Reviewed by: Azure
Released by: Optimum Releasing
Age Rating: PG
Region: 2 - UK
Length: 92 minutes
English 2.0 Stereo
Japanese 2.0 Stereo
Lupin is a master thief with a heart of gold, so he can’t help but get involved when he spots a damsel in distress dressed in a full bridal outfit speed past. Events soon spiral out of control and Lupin finds himself right in the heart of a massive conspiracy and an ancient family secret. Lupin is also an important film because it marks a turning point on the career of Hayao Miyazaki.
What stands out almost immediately is the quality of the animation, it’s smooth and full of life staggering really when you consider it was released in the late 70’s using traditional methods. Lupin’s comical expressions flow straight into more serious ones, a feat made all the more enjoyable through the films numerous chase scenes. The backgrounds are also staggering, especially the castle which is lavishly drawn throughout. The style of drawing and dress dates Lupin strongly, but probably adds more than it takes away, retro is ‘in’ after all. The film would probably date more strongly if it was live action, but the over-the-top nature of presentation lets it get away with it.
The story is easy to follow despite numerous references to other Lupin stories; in fact it seems deliberate that we are given only a quick glimpse into Lupin’s life. It’s easy to feel a little alienated by the appearance of Lupin’s old friends and enemies; Fujiko, Jingen Goemon and Zenigata, but the story moves on quickly casting these doubts aside. Most of the twists are easily guessed, the final ‘big reveal’ is likely to coax a small groan out of some viewers, much as Howl did. The music has probably dated the most, but it suits the style of the film, as do the outlandish sound effects.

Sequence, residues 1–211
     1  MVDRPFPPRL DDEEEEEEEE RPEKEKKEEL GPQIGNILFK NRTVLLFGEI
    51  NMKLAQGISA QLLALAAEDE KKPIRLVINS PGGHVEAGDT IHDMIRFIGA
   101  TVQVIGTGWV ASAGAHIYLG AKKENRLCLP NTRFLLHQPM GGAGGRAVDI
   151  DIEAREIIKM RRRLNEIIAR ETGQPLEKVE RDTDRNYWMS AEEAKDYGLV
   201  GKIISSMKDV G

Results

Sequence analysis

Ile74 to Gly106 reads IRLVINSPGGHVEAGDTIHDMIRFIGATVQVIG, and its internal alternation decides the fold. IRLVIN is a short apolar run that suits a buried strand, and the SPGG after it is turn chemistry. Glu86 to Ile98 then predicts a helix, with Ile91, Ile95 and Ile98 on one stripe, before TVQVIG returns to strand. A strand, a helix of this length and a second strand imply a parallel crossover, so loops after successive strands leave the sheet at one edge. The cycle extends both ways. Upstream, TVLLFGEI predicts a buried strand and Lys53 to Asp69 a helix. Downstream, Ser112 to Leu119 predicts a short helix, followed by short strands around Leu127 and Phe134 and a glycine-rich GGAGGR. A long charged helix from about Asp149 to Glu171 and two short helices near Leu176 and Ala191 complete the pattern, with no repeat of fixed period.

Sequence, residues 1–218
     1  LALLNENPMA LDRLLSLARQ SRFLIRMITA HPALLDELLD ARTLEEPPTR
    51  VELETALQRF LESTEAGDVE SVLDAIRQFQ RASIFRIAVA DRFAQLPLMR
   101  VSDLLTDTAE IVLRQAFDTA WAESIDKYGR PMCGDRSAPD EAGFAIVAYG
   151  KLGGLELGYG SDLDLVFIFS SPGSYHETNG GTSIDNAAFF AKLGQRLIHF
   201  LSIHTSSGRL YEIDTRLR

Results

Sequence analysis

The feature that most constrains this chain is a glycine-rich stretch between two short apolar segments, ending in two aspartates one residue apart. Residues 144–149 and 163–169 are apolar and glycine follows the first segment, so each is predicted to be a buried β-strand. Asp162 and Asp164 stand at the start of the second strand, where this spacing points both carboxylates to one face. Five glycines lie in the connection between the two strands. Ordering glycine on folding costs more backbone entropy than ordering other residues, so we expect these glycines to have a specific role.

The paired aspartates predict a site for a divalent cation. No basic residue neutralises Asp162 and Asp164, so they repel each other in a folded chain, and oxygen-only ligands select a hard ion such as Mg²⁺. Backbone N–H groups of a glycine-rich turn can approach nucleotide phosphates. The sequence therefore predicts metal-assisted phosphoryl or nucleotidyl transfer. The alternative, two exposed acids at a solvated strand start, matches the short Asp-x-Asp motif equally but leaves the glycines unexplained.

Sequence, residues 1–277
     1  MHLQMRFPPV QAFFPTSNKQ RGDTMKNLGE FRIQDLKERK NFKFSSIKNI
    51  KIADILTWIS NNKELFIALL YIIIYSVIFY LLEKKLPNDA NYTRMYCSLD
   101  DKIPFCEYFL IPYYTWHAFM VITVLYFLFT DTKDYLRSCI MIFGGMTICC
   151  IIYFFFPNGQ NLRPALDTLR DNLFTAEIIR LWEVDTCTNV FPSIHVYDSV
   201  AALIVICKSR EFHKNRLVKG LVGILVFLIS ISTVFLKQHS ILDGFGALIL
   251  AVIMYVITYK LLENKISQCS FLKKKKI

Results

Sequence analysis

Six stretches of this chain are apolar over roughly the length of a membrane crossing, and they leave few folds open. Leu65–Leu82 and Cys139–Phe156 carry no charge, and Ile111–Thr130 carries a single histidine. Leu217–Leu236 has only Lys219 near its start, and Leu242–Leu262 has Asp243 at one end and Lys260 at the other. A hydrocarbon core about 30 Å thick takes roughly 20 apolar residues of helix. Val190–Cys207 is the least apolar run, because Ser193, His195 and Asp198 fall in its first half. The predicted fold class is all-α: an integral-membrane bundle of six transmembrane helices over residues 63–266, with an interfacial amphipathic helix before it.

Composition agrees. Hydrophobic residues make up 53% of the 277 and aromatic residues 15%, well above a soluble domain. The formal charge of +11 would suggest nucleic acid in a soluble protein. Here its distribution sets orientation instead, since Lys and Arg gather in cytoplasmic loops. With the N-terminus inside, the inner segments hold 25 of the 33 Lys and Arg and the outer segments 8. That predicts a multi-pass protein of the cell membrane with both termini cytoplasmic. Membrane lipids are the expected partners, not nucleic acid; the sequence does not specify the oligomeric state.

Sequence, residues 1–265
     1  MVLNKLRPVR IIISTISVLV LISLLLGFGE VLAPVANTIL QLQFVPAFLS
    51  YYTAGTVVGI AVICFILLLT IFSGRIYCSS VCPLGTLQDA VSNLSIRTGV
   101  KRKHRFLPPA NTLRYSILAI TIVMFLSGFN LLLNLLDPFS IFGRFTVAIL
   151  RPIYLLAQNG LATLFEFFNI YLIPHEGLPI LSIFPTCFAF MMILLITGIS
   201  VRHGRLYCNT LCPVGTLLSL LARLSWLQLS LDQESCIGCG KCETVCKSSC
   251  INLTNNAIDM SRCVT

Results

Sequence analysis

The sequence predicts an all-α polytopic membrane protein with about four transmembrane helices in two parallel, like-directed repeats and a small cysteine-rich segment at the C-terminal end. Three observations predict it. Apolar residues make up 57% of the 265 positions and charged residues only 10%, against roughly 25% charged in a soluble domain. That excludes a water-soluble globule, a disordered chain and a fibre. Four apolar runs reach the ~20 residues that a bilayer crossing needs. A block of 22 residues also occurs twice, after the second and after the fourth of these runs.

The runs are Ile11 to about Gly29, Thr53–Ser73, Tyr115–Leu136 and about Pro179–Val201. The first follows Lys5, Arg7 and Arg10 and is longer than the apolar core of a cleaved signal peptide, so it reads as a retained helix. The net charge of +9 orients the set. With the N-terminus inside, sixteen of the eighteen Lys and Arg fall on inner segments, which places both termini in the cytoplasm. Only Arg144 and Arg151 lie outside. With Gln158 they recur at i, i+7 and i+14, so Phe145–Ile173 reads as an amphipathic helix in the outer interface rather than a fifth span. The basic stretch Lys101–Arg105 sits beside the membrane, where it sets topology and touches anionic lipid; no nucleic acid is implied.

Optimum has taken some effort with the extras, the introduction by Jonathan Clements is especially helpful in placing the film in context. The inclusion of design sketches, as well as a feature which allows the film to switch between animation and storyboard, will be especially interesting for animators.
Lupin lacks the scope Miyazaki would later become associated with but it doesn’t make it a bad film. The tone is far less serious than his later works. If you look closely though there are strong parallels, Lupin character bears strong similarities to Howl and even the line ‘He stole something quite precious. Your heart’ could apply to either film. Castle of Cagliostro is a fun film and essential viewing for Miyazaki fans, though may prove a little too dated for some younger fans.